Are Pepper Plants Perennial?

By Paul Smart •  Updated: 12/07/20 •  6 min read

Are Pepper Plants Perennial? For most gardeners that live in Zone 9 or lower Pepper plants are treated as annual plants with fresh seeds sown every year.

However, Pepper plants, whether they are Sweet, Bell, or Hot Peppers, are actually perennial plants in their native environment. Pepper plants are a member of the Solanaceae which includes Tomatoes, Potatoes, and Eggplants. They originated in South America in warm tropical frost climates and generally thrive in hot conditions.

How Long Can A Pepper Plant Live?

If you are able to maintain a suitable environment for the Pepper Plants the indications are that they can last at least 5 years. An article in the Los Angeles Times reported a 15-year-old plant that was over 10 feet tall. It was also noted that the volume of Peppers produced increased with the size of the plant. This was because there was a greater number of points on the plant where flowers could be produced.

What Temperature Kills Pepper Plants?

However, given that the Pepper plants do not survive in cooler climates the obvious question is what temperatures can they tolerate?

The minimum temperature most Pepper plant varieties can tolerate is 0°C (32°F). At soil temperatures below that point, the plants will die. The ideal temperature for growing pepper plants is between 15 to 32°C (60 to 90°F). At Temperatures below 15°C (60°F) growth slows down significantly and the onset of frost will usually cause the leaves to blacken and fall off. 

At the other end of the spectrum temperatures above around 35°C to 40°C (95 to 104°F) can cause flowers to drop off the plant due to heat stress. This will not kill the plant but it will affect the size of the harvest.

How Do You Keep Pepper Plants Over Winter?

For those people that live in harsher climates and want to overwinter Peppers plants, they need to be protected. This will require the plant to be brought inside which is easy if they are being grown in a pot. In cases where the plant is being grown in the garden, they will need to be dug up. When doing this care needs to be taken to minimize the root disturbance.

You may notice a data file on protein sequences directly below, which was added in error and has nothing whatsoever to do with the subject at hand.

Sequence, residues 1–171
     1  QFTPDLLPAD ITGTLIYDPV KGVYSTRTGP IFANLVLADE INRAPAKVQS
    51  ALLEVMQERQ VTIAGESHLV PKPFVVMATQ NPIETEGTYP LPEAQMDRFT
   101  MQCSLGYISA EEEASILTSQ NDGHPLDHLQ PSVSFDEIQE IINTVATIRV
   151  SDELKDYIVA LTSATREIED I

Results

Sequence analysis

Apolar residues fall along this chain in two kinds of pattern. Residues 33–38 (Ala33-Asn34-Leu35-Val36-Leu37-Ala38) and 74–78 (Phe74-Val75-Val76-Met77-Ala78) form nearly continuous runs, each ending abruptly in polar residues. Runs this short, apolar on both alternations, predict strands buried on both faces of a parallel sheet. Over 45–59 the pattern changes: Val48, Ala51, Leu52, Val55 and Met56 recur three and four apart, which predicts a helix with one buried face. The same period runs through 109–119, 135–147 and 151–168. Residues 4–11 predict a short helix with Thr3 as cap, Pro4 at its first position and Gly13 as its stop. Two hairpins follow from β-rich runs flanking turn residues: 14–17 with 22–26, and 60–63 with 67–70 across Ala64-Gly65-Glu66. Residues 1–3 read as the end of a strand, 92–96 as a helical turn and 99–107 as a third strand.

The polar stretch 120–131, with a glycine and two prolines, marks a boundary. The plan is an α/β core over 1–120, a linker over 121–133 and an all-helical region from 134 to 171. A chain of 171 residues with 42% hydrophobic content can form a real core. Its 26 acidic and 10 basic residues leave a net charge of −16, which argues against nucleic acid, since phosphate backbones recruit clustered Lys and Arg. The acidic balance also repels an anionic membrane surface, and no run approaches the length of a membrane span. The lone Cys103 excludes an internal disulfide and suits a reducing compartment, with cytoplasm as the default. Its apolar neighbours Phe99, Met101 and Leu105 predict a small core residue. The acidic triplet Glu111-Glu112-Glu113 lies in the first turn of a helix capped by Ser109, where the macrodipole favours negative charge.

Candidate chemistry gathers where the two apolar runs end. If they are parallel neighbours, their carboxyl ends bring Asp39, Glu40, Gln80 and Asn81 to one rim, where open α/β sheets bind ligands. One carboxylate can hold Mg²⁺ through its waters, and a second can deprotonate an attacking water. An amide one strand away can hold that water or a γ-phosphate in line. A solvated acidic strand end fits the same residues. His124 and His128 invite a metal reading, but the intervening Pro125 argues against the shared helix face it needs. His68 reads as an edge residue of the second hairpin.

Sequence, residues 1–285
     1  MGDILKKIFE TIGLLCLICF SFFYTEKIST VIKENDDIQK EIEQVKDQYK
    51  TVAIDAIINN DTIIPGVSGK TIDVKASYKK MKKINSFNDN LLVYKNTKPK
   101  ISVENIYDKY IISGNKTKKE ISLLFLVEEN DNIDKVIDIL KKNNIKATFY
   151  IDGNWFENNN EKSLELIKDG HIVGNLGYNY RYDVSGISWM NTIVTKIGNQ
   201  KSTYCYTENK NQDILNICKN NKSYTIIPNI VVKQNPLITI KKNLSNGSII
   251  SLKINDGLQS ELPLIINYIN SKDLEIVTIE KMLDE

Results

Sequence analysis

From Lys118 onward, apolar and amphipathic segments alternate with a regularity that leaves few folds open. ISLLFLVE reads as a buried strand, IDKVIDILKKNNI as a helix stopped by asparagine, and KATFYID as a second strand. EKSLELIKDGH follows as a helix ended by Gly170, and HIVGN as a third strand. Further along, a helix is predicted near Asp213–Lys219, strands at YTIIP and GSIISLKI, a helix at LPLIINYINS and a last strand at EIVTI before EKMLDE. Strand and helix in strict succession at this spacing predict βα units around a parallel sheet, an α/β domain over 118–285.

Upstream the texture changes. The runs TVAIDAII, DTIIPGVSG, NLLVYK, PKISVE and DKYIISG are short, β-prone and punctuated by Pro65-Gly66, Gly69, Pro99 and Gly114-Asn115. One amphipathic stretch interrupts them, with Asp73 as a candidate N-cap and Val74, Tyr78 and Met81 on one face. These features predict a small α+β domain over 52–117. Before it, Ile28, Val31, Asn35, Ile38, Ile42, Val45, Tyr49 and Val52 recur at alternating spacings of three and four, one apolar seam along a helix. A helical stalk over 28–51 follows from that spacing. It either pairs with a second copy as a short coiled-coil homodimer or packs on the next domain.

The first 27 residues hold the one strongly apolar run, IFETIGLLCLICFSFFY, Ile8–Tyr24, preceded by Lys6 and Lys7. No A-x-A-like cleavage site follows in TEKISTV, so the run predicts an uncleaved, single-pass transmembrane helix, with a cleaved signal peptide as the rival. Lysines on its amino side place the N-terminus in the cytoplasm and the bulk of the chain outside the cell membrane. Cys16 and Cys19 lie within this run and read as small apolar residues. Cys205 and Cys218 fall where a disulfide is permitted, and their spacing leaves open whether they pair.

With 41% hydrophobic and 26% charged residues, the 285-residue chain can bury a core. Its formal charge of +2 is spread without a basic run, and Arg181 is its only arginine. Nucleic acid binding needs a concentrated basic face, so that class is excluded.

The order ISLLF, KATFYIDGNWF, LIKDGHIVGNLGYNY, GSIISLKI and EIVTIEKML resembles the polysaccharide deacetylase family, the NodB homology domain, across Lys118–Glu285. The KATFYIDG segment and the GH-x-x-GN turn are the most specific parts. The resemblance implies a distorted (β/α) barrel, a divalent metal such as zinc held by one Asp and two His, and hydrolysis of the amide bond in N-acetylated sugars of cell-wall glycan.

Additionally, when bringing the plant inside, it is usually not sufficient to place it in a greenhouse or similar unheated space. A source of heat is required to prevent the plant from freezing.  

An alternative to heating a large space is to use a heated propagator. One example of this is the heating propagator range from Vitopod, which can be adjusted for height. This is important as Pepper will increase in size with age. The other benefit of using this type of equipment is it allows the temperature to be controlled more easily and accurately, as controlling the temperature of the entire room can be difficult. 

Once inside, the plants should be stored at temperatures between 5°C-12°C (41-54°F) over winter. At these temperatures, only small amounts of water will be required. To avoid the soil from becoming soggy check plants weekly and water only when the soil is getting dry.

Additionally, it is advisable to allowing plenty of airflow around your plants, as this will also help to avoid mold and disease.

The alternative to overwintering plants is to grow them year-round in an indoor Smart Garden. The Smart Garden is a self container planting unit that has its own built-in light and water system that provides the plant with everything it needs to grow year-round. Seed pods can be purchased that fit into the system that make it simple to grow your Peppers year-round with a minimum of fuss. Click here to find out more.

How To Prune Pepper Plants Before Winter

To minimize the stress on the plant when it is being transplanted it is best to prune it prior to moving it. This is best done in 2 stages as it will optimize the harvest at the end of the season.

The first prune should be done a few weeks before the first frost is due to occur. At this stage, the objective of the prune is to encourage the fruit that is present on the plant and of a reasonable size to ripen. To encourage this it is best to prune away parts of your plant that are not being used to produce the fruit.

This will include the majority of the foliage that does not have peppers attached. The removal of these stems will redirect the remaining energy from the plant towards the ripening of the remaining fruit.

Once the final harvest of the season is taken, which is typically around the time of the first frost you will need to prune the plant again in preparation for it to be transplanted for the winter. However, when considering what to prune off you should keep in mind the need to leave some leaves on the plant. This will allow the plant to survive the colder months by allowing photosynthesis to continue.

The overall goal when pruning young pepper plants at this stage it minimizes the stress on the roots during winter while positioning the plant to optimize the harvest the following season.

This is done by encouraging a greater number of sites to produce flowers and then fruits. This can be accomplished by cutting the central stem above the second or third node.

The node is the point on the stem at which new leaves and stems form causing the branches to fork at that point. Cutting above the nodes will encourage the plants to produce more branches from the node and also create more new nodes. The creation of these sites will, in turn, encourage the formation of flowers.

However, when pruning the plant be sure to remove any inward-facing stems to prevent them from crossing. This will allow more sunlight to hit the new growth and also allow the fruit that is formed to ripen.

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Paul Smart